With nearly 1,000 confirmed cases of swine flu reported around the world, World Health Organization officials say that the virus will probably continue to spread. However, they add that as of yet, there are few indications that it will cause any more trouble than a seasonal flu virus. WHO spokesman Gregory Hartl noted yesterday that the public may misunderstand the word “pandemic.” The term refers to where an illness spreads, not its severity [Washington Post]. Early genetic analyses of the virus suggest that it’s less lethal than originally feared, although researchers stress that the virus will continue to mutate and evolve.
The world has 985 confirmed cases of the virus, known to scientists H1N1 virus, in a total of 20 countries, WHO said Monday. The United States has reported 226 confirmed cases in 30 states. The U.S. cases include one death — a Mexican toddler visiting relatives in the United States [CNN]. A few isolated cases in Asia have triggered a draconian reaction from Chinese health officials, including the quarantine of Mexican travelers visiting China. But in Mexico, the center of the epidemic, Health Minister José Angel Cordova suggested that the outbreak may have passed its peak. “The evolution of the epidemic is now in its phase of descent,” he said [Financial Times]. Officials there will consider reopening schools and resuming public services this week.
The confirmation of a few cases in South America has troubled scientists slightly, as the onset of winter in the southern hemisphere may encourage the circulation of the H1N1 virus. In the northern hemisphere, hot and humid summer conditions are expected to reduce the virus’s spread, as the influenza virus seems to thrive only in the cold, dry air of winter. However, health officials still worry that if the virus persists in the south through the next six months, it could surge again in the north with the approach of fall. “I … would like to remind people that in 1918 the Spanish flu showed a surge in the spring, and then disappeared in the summer months, only to return in the autumn of 1918 with a vengeance” [CNN], says WHO spokesman Gregory Hartl.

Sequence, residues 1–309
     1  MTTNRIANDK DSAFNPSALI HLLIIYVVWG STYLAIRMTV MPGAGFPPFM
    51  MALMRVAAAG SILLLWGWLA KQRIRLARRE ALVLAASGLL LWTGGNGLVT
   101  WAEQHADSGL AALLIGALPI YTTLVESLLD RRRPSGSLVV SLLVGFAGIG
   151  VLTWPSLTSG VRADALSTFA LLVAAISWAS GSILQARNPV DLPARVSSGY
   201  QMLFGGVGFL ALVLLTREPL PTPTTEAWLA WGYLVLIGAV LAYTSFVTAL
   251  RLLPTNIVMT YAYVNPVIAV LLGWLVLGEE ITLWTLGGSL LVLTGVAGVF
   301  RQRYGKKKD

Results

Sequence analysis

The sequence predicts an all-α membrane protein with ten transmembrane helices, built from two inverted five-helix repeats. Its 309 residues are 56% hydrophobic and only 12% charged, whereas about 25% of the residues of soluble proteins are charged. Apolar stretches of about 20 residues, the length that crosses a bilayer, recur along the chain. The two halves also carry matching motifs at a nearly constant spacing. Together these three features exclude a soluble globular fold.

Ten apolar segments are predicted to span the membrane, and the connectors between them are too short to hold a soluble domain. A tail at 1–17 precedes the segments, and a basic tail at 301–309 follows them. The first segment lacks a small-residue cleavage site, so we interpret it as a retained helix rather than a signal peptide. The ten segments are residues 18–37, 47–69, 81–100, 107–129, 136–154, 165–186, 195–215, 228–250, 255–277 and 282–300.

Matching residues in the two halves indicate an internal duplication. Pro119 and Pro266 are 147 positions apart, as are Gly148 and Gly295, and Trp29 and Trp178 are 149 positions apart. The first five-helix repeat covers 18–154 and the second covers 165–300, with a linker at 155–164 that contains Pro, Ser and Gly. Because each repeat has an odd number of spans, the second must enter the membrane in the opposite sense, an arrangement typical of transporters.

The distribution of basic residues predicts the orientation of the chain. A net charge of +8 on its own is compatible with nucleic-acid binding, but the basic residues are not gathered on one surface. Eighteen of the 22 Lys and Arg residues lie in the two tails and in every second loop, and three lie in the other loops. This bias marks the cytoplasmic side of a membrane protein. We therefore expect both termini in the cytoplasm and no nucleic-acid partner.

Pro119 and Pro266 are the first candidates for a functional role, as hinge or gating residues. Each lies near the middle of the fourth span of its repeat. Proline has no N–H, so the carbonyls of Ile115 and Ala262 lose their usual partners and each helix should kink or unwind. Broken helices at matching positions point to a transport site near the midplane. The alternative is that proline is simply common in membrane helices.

Influenza viruses makes inexact copies of themselves when they replicate, which means that they mutate constantly. If we’re particularly unlucky, the H1N1 virus could mutate to become more infectious or more lethal to humans–but it may also mutate to become less of a threat. Researchers say that a mere 10 days into the epidemic, they’re far from being able to predict how the virus will run its course. Michael T. Osterholm, an epidemiologist at the University of Minnesota, said the situation is analogous to forecasting a hurricane when meteorologists know only that there is a high-low pressure gradient in the Atlantic. “Everyone in one week wants an answer as to what it will do. Anyone who gives you an answer right now, do not listen to them about anything else because you cannot trust them,” Osterholm said [Washington Post].
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